stopwatch

.NET Stopwatch meet IDisposable

You’re probably aware of the .NET Stopwatch class, a System.Diagnostics class that ‘Provides a set of methods and properties that you can use to accurately measure elapsed time’.

A code sample illustrates its typical usage:

Stopwatch stopWatch = new Stopwatch();
stopWatch.Start();
Thread.Sleep(10000);
stopWatch.Stop();
// Get the elapsed time as a TimeSpan value.
TimeSpan ts = stopWatch.Elapsed;

You get the idea – create, start, execute code (thanks Thread.Sleep(…)), stop and examine its Elapsed property.

There are a number of open source profilers such as Prof-It that provide comprehensive timing information, and there can be some discrepancies when timing code execution with a Stopwatch, as this excellent Code Project article explains, it’s often sufficient to temporarily put in a Stopwatch block to time a piece of code.

One thing to note from the code sample is that it is a little verbose.  The Thread.Sleep(…) call is trivial, for our example, but if we’re timing several lines, the various Stopwatch boilerplate lines rather get in the way.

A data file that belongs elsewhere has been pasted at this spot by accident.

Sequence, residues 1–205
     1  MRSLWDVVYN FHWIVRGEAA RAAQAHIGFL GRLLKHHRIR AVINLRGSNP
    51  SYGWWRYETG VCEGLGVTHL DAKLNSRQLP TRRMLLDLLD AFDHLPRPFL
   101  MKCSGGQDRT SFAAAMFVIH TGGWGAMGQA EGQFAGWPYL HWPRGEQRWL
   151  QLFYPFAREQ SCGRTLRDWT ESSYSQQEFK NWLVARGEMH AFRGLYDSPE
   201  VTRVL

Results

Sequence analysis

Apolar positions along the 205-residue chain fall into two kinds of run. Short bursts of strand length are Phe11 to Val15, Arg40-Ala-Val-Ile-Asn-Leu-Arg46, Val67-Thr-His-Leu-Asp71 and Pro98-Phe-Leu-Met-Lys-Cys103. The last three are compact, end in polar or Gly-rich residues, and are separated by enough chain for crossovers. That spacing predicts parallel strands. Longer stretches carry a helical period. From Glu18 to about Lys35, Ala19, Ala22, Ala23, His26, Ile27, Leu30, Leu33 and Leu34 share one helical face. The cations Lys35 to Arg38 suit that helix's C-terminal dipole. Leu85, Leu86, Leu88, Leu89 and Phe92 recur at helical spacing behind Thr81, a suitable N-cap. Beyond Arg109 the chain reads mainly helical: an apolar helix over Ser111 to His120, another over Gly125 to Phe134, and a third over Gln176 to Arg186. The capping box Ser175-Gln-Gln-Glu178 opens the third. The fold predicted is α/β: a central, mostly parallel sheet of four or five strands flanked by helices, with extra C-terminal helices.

Wouldn’t it be nice if we could write something like this:

using (new CleverTimer()))
{
	Thread.Sleep(10000);
}

We can, with this little ‘CleverTimer’ class, which uses a mix of a Stopwatch and IDisposable:

public class CleverTimer : IDisposable
{
	private readonly Stopwatch _stopwatch;
	private readonly Action<Stopwatch> _action;
	public CleverTimer(Action<Stopwatch> action = null)
	{
		_action = action ?? (s => Console.WriteLine(s.ElapsedMilliseconds));
		_stopwatch = new Stopwatch();
		_stopwatch.Start();
	}
	public void Dispose()
	{
		_stopwatch.Stop();
		_action(_stopwatch);
	}
	public Stopwatch Watch
	{
		get { return _stopwatch; }
	}
}

The class has a couple of members – the all important Stopwatch, as well as an Action of type Stopwatch.  The constructor can accept an Action, but defaults to writing out the Elapsed milliseconds of the stopwatch.   The constructor creates a the member Stopwatch and starts it.

The Dispose method, required for the implementation of the IDisposable interface, simple stops the Stopwatch member and invokes the _action code.

It’s all fairly simple stuff, but goes some way to simplifying timed code.